The Secret Ballot: The Secret to Reducing Electoral Violence?

In July 1872, 150 years ago this month, the Ballot Act introduced the secret ballot to all UK parliamentary and local elections. Here guest blogger Dr Gary Hutchison, of the Causes and Consequences of Electoral Violence project, discusses how the secret ballot affected violence at elections. An Interactive Map of over 3,000 violent events, from individual assaults to riots, can be found on their website. … Continue reading The Secret Ballot: The Secret to Reducing Electoral Violence?

Ballot boxes, bills and unions: Harriet Grote (1792-1878) and the public campaign for the ballot, 1832-9

This year marks the 150th anniversary of the 1872 Ballot Act, which introduced secret voting at general elections in the UK. In this extended blog, Dr Martin Spychal, research fellow in our House of Commons 1832-68 project, explores the role of Harriet Grote (1792-1878) in the popular and parliamentary campaign for the ballot during the 1830s. On 18 July we will be marking the anniversary of the Ballot … Continue reading Ballot boxes, bills and unions: Harriet Grote (1792-1878) and the public campaign for the ballot, 1832-9

From ‘People’s Champions’ to ‘Tribunes of the People’: popular politicians in Parliament, c. 1810 to 1867

Ahead of next Tuesday’s Virtual IHR Parliaments, Politics and People seminar, we hear from Dr Simon Morgan of Leeds Beckett University. On 22 February 2022, between 5.15 p.m. and 6.30 p.m., Simon will be responding to your questions about his pre-circulated paper on popular politicians and Parliament between 1810 and 1867. Details of how to join the discussion are available here, or by contacting seminar@histparl.ac.uk. … Continue reading From ‘People’s Champions’ to ‘Tribunes of the People’: popular politicians in Parliament, c. 1810 to 1867

‘Do you know where this miserable wretch lives?’: Challenging votes in Eighteenth-Century England

As the Government looks set to make the introduction of voter ID requirements a flagship policy for 2022, parallels can be drawn with the eighteenth-century electoral process. We welcome guest blogger, James Harris, post-doctoral research associate at the University of Newcastle, to tell us more. The requirement for every elector to justify their right to vote at the hustings was a routine part of Georgian … Continue reading ‘Do you know where this miserable wretch lives?’: Challenging votes in Eighteenth-Century England

George Huntingford, bishop of Hereford and tutor to Viscount Sidmouth

The Georgian Lords are delighted to welcome a guest blog from Laurence Guymer, master at Winchester College, on the influential warden of Winchester, George Huntingford, successively bishop of Gloucester and Hereford and a guiding influence on his former pupil, Prime Minister Henry Addington, Viscount Sidmouth. George Huntingford was warden of Winchester College (1789-1832), bishop of Gloucester (1802-1815), and of Hereford (1815-1832). He owed the two … Continue reading George Huntingford, bishop of Hereford and tutor to Viscount Sidmouth

Parliamentary Elections in the reign of Henry VI

Ahead of next Tuesday’s Virtual IHR Parliaments, Politics and People seminar, we hear from Dr Hannes Kleineke, of the History of Parliament. On 1 June 2021, between 5.15 p.m. and 6.30 p.m., Hannes will be responding to your questions about his pre-circulated paper on parliamentary elections in the reign of Henry VI. Details of how to join the discussion are available here, or by contacting seminar@histparl.ac.uk. The importance … Continue reading Parliamentary Elections in the reign of Henry VI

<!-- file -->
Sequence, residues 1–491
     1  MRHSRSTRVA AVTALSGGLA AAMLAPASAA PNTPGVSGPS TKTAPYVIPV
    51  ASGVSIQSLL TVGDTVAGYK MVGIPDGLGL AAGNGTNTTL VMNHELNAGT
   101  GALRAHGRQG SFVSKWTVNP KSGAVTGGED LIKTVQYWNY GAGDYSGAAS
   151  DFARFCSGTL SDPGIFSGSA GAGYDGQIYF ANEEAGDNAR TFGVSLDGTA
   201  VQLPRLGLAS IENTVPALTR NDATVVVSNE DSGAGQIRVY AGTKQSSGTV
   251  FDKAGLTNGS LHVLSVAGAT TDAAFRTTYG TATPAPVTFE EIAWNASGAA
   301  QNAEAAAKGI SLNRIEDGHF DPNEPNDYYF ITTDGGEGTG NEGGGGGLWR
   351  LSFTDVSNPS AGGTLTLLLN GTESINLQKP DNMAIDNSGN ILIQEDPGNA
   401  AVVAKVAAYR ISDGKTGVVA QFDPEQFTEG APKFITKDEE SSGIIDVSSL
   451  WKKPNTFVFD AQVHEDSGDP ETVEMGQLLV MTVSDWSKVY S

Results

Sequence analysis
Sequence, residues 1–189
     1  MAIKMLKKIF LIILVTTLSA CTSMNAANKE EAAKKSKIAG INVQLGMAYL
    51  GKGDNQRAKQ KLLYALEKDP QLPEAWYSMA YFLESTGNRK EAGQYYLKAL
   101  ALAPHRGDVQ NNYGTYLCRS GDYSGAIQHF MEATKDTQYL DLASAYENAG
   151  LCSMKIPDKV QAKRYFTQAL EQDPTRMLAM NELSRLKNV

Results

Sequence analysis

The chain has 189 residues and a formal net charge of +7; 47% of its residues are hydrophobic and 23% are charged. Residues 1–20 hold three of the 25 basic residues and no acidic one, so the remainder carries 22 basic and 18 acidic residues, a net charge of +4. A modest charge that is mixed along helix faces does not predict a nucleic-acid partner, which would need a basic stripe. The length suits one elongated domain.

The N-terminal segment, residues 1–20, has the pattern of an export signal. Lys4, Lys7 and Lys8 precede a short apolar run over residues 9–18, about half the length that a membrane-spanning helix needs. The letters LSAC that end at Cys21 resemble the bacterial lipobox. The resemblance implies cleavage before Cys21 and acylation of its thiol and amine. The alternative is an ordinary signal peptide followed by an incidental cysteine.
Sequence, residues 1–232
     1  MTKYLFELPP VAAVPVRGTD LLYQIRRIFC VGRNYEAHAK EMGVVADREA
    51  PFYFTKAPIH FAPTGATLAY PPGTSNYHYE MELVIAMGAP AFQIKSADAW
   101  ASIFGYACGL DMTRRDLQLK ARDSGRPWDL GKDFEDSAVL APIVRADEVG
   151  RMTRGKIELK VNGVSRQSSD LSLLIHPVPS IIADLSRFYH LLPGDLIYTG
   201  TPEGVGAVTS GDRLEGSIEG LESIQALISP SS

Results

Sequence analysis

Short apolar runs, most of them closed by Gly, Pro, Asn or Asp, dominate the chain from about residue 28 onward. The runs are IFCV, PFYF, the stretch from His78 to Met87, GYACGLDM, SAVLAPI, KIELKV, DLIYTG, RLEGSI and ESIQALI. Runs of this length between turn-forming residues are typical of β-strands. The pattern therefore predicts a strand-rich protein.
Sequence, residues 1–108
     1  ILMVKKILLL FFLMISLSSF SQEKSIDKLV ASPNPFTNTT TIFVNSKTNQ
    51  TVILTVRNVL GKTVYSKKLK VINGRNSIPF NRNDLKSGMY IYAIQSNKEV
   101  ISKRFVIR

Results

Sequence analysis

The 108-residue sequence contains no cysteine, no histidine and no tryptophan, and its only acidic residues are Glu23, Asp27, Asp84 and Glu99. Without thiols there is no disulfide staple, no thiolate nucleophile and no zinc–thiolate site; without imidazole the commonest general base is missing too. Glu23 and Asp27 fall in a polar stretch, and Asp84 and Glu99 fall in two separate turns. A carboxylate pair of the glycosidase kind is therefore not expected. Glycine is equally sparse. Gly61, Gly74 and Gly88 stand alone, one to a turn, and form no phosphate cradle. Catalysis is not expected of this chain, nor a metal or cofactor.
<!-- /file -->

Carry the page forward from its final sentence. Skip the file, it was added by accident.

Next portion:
Portraits, Plates and Pigs: Representations of National Leaders within the Material Culture of Scottish Radical Procession 1832-1884

Ahead of next Tuesday’s Virtual IHR Parliaments, Politics and People seminar, we hear from Sonny Angus, of the University of Edinburgh. On 18 May 2021, between 5.15 p.m. and 6.30 p.m., Sonny will be responding to your questions about his pre-circulated paper on the material culture of Scottish radical politics, 1832-1884. Details of how to join the discussion are available here, or by contacting seminar@histparl.ac.uk. … Continue reading Portraits, Plates and Pigs: Representations of National Leaders within the Material Culture of Scottish Radical Procession 1832-1884

A revolting pocket borough: Morpeth in the late eighteenth century

In our latest Georgian Lords blog, in keeping with our general focus for the month on the county of Northumberland, Dr Charles Littleton considers the case of the pocket borough of Morpeth and its uneasy relations with the earls of Carlisle. The Northumbrian borough of Morpeth had returned representatives to Parliament since 1553. From 1601 the Howards of Naworth were lords of the manor, and … Continue reading A revolting pocket borough: Morpeth in the late eighteenth century

York: exploring the local history of a Victorian constituency

Alongside biographies of 2,591 MPs, our House of Commons 1832-68 project is also researching and writing articles on the 401 English, Irish, Scottish and Welsh constituencies in existence during this period. Following on from this month’s earlier local history post on York, this blog takes this constituency as an example to explain some of the key features of our constituency articles, and how they might … Continue reading York: exploring the local history of a Victorian constituency

‘The power of returning our members will henceforth be in our own hands’: parliamentary reform and its impact on Exeter, 1820-1868

Dr Martin Spychal, research fellow for the Commons 1832-68, uses polling and voter registration data to explore the 1832 Reform Act’s impact on elections in Exeter. Continue reading ‘The power of returning our members will henceforth be in our own hands’: parliamentary reform and its impact on Exeter, 1820-1868